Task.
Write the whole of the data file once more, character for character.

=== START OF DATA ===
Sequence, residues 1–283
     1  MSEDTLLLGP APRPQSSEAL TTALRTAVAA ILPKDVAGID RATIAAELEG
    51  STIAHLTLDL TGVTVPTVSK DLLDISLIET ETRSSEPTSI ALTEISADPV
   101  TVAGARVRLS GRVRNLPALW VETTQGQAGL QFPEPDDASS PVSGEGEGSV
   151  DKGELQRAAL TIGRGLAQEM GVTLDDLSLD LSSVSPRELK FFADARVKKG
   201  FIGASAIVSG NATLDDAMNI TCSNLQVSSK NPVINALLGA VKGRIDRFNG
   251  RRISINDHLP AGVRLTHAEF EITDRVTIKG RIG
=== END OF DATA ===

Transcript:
Sequence, residues 1–283
     1  MSEDTLLLGP APRPQSSEAL TTALRTAVAA ILPKDVAGID RATIAAELEG
    51  STIAHLTLDL TGVTVPTVSK DLLDISLIET ETRSSEPTSI ALTEISADPV
   101  TVAGARVRLS GRVRNLPALW VETTQGQAGL QFPEPDDASS PVSGEGEGSV
   151  DKGELQRAAL TIGRGLAQEM GVTLDDLSLD LSSVSPRELK FFADARVKKG
   201  FIGASAIVSG NATLDDAMNI TCSNLQVSSK NPVINALLGA VKGRIDRFNG
   251  RRISINDHLP AGVRLTHAEF EITDRVTIKG RIG